Wyoming law requires employers to provide an employee with one (1) hour of paid leave to vote in a primary, general, or special election to fill a seat for the United States Congress, if the employee does not have three (3) or more consecutive off-duty hours in which to vote while polls are open. An employer may dictate when an employee takes paid voting leave. WY Stat. 22-2-111


Bereavement Leave

Wyoming law does not require employers to provide employee bereavement leave. Bereavement leave is leave that is taken by an employee due to the death of another individual, usually a close relative. Employers may choose to provide bereavement leave and may be required to comply with any bereavement policy or practice it maintains.


Family Medical Leave

Wyoming labor laws do not require employers to provide employees with family and medical leave. Wyoming employers must follow the guidelines of the Family and Medical Leave Act (FMLA).

FMLA is a federal program requiring employers to give their eligible employees 12 weeks of leave within 12 months. This amount of leave renews so long as employees continue to meet the criteria, their leave will renew.

There are several instances where you could be eligible for leave under FMLA, including:

  • Caring for an ill family member
  • Recuperating from a severe ailment
  • Assisting a sick or injured military family member
  • Bonding with a new child
  • Dealing with circumstances arising from a serious health condition

However, not all employees are qualified to receive FMLA coverage on their first day of employment.

To receive these leave benefits, you must meet the following criteria:

  • Have worked for the employer for a minimum of one year
  • Have worked a minimum of 1250 hours the previous year
  • Work in a location with 50+ employees within a 75-mile radius

Currently, the state does not offer state-level leave policies for employers to follow. However, private employers can develop individual leave policies. Any leave options must be outlined in employment contracts and followed.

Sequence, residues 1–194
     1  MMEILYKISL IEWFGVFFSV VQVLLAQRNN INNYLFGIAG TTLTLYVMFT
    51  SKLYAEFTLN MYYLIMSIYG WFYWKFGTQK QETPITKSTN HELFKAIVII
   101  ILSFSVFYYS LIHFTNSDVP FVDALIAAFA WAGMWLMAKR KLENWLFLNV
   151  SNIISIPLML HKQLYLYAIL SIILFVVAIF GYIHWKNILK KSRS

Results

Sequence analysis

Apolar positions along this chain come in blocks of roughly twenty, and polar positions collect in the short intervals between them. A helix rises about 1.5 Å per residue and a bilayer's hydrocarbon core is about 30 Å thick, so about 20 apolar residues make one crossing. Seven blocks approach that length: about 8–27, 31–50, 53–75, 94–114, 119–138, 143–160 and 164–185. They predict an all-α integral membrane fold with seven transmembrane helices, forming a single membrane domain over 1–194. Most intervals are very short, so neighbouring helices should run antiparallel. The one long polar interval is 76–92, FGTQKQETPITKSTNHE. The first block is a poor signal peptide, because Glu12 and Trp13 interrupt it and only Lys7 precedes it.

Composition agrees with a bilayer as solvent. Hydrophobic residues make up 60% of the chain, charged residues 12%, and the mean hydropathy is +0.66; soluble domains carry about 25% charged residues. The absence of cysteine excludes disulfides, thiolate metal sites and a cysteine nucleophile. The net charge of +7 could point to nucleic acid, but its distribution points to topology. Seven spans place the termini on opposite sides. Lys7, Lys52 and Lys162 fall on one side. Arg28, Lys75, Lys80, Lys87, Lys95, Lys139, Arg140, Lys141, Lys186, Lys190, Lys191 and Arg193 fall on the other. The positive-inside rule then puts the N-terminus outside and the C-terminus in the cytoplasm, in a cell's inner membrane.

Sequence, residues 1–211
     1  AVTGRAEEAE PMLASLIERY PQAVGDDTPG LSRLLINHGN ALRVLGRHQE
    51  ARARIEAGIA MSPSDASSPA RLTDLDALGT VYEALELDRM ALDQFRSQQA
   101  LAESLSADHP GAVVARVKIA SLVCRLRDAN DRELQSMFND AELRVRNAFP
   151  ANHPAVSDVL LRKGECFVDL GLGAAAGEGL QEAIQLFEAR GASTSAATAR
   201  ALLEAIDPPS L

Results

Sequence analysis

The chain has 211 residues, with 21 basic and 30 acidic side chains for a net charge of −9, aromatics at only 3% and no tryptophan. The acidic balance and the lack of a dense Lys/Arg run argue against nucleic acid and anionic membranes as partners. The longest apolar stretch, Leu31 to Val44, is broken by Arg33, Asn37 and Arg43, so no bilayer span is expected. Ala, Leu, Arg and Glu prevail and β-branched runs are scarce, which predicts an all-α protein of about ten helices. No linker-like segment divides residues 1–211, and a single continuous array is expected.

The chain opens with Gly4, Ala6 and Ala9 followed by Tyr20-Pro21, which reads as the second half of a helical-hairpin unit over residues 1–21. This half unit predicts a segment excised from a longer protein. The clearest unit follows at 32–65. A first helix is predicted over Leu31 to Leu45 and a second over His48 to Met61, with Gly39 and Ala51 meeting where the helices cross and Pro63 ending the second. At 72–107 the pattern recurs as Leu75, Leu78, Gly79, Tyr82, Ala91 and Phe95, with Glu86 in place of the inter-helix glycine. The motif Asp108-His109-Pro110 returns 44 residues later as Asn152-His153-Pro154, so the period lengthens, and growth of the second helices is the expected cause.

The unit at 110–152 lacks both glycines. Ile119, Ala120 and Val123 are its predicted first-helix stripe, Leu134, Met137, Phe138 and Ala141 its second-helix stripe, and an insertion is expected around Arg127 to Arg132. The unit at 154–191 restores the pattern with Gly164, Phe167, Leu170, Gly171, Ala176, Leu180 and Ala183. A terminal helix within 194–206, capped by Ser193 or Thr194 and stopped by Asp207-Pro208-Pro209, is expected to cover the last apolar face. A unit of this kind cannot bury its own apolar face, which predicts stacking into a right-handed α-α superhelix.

Military Leave

Military members in Wyoming are entitled to the same benefits that the Uniformed Services Employment and Reemployment Rights Act (USERRA) offers, including:

  • Employees have the right to continue group healthcare benefits for 24 months of their leave
  • Upon return, employees must be reinstated to the exact (or equivalent) previously held position
  • Employees must receive up to five years of unpaid leave for military service (with exceptions)

Wyoming has unique leave laws regarding military employees. Individuals in the armed forces and volunteers may receive up to five years of unpaid leave for active duty, physical examinations, and training. It is also the responsibility of employees to notify their employer of upcoming military-related duties.

Much like USERRA outlines, employees cannot be discriminated against for serving in the military. Additionally, employees must return to work within a reasonable time frame, though this varies by employer.

As mentioned, all military employees must be offered the exact position held before active duty.